Daily Archives: June 18, 2009

PAPER EPHEMERA, CONTINUED

Drummer and jazz scholar Kevin Dorn and I were discussing these historical drum ads at Birdland last week.  Although we delight in them, we share the same skepticism.  A drum company representative came up to George Wettling, say, and asked, “George, would you like a new set of _ _ _ _ _ drums for free?  And we’ll give you a hundred dollars to let us use your picture in an ad?”  Wettling or anyone else always could use another set of drums, as well as the money, so he posed for a photo behind the set of drums that he swore were his favorites.  Perhaps a thousand young men went out and beleaguered their parents to buy just that set because their idol played it. 

Mildly fraudulent or not, full of language we doubt the drummer himself used, these pages are enchanting.  How many times in our lives will we see Dave Tough (not Davey, mind you) advertising something in a magazine — as if people would follow his lead?  It suggests a pre-Fall universe, now vanished.  This ad (like the Ray Bauduc autograph in the previous post) is available for purchase at eBay.  A thrilling oddity, never to come again.

Tough

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RAY BAUDUC PREACHES THE GOSPEL

Aspiring novelists in Creative Writing classes are told, “Write what you know.”  In jazz, musicians play what they know; they live what they know. 

And sometimes they sign autograph books with what they know and wish to convey to us.  Hence this page inscribed by the inspiring percussionist Ray Bauduc (an artifact now up for bid on eBay). 

Ignore its message at your peril!

RAY BAUDUC

DREAMS OF CHAUTAUQUA 2009

I may have overwhelmed readers of this blog with my new enthusiasm for the Whitley Bay International Jazz Festival, less than a month away.  But I hope you understand. 

Chau foliageHowever, when falling in love with something new it would be ungracious in the extreme to forget the familiar — and, in this case, the familiar (but ecstatic) is Joe Boughton’s western New York State extravaganza, Jazz at Chautauqua.  This year the dates are September 17-20. 

I know all of the reasons people decide not to go to jazz parties.  The money.  Their health.  The potential inconvenience.  The economy.  And so on.  I would be remiss if I suggested that any of these reasons should be ignored.  But I am writing this post, of my own accord, to tempt people into Pleasure.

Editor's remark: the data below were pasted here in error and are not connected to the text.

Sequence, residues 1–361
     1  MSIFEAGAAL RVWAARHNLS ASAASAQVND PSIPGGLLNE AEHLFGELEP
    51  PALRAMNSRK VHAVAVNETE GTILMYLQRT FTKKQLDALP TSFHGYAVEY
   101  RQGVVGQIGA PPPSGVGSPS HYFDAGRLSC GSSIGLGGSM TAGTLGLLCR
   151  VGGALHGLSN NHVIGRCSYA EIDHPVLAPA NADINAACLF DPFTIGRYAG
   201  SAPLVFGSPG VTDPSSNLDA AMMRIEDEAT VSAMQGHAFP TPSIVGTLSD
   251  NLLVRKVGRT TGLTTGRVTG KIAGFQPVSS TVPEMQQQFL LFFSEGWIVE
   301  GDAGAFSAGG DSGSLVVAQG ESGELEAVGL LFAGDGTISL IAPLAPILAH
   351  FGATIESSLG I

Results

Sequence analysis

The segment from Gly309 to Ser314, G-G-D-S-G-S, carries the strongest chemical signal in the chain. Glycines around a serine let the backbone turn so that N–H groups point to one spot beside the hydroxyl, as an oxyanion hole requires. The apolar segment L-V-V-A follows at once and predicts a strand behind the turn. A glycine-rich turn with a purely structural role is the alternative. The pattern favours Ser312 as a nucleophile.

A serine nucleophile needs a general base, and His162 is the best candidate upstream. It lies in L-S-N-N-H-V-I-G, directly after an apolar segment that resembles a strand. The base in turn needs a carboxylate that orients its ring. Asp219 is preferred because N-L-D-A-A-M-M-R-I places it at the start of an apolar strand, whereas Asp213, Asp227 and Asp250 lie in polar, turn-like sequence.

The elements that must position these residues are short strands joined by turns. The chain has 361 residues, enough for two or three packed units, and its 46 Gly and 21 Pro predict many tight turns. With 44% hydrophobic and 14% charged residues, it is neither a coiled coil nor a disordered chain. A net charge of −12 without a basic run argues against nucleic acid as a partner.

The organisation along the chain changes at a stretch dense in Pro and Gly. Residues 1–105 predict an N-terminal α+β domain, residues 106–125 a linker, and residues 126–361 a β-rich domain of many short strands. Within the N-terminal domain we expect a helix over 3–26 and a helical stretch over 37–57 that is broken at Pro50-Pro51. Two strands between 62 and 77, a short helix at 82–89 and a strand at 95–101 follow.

Although at times the modern world seems to be a gaudy hedonistic circus, I still think that Pleasure gets a bad rap.  We’re always urged to hang out with Prudence, that rather severe woman in the corner.  You know — she’s drinking water when everyone else is having Campari; she doesn’t eat anything fried, ever . . . she knows what’s in her 401K plan to the penny.  Prudence will outlive all of us.  But is she having any fun?  Do her investments make her tap her foot and bob her head?

Here endeth the sermon.  I’ll suggest, however, what the Beloved and I are looking forward to at this year’s Chautauqua:

Leaves under our feet in the walkways between the houses.  Stories, on and off the bandstand, from that bow-tied master of badinage Marty Grosz.  Joe Wilder playing SAMBA DE ORFEU.  Jon-Erik Kellso saying naughty things through his plunger mute.  Jim Dapogny rocking the piano in the parlor with a song no one’s ever heard before.  Newcomers Andy Brown (guitar), Petra van Nuis (vocal), Ehud Asherie (piano), and Tom Pletcher (cornet) making everyone lean forward, intently, when they play.  Andy Schumm, Dave Bock, and Tom bringing Bix into the Hotel Athenaeum.  Duke Heitger leading the troops through some romping ensemble.  Dan Block and Harry Allen caressing a ballad.  Rebecca Kilgore being tender or perky, as required.  Dan Barrett being himself.  Vince Giordano, likewise, and leading the best version of the Nighthawks anyone could imagine.   

I can hear it now!

I can hear it now!

That’s only a small sampling, and I mean no disrespect to the musicians I’ve left out of my list. 

So perhaps you might consider slipping out the side door while dour Prudence squats watchfully in the kitchen, making sure that no one puts butter on their bagel.  You can always explain to Prudence when you get back!  Tell her that it was your moral duty to be there.  Moral duty she understands.  And perhaps you can bring her a CD, too.

For details, prices, and availability, you can visit the Allegheny Jazz Society website at www.alleghenyjazz.com, or call the ever affable Apryl Sievert at the Hotel Athenaeum (1-800-821-1881.)  Remember, no one has yet invented a way to make carpe diem work retrospectively.

“WHERE’D YOU GET THOSE EYES?”

Daryl Sherman knows the answer to that question, and so much more.  Here she is, having the time of everyone’s life, on June 8, 2009, at the Oak Room of the Algonquin Hotel, paying tribute to Johnny Mercer — with the able help of Wycliffe Gordon, who also seems to be enjoying himself. 

The song (music by Harry Warren) comes from an otherwise frail movie, GOING PLACES, where Louis Armstrong sang it to a horse, conveniently named “Jeepers Creepers.”  This must have been one of those films where Faulkner, Huxley, or Fitzgerald had nothing to do with the screenplay.  But the equine clamor Wycliffe invents late in his solo is obviously a tribute to Louis, the film, and — dare I say it? — his own brand of horseplay.

If you’d like to hear more of Miss Sherman and Mister Gordon paying tribute to Mister Mercer, check out Daryl’s new Arbors CD — it’s a beauty!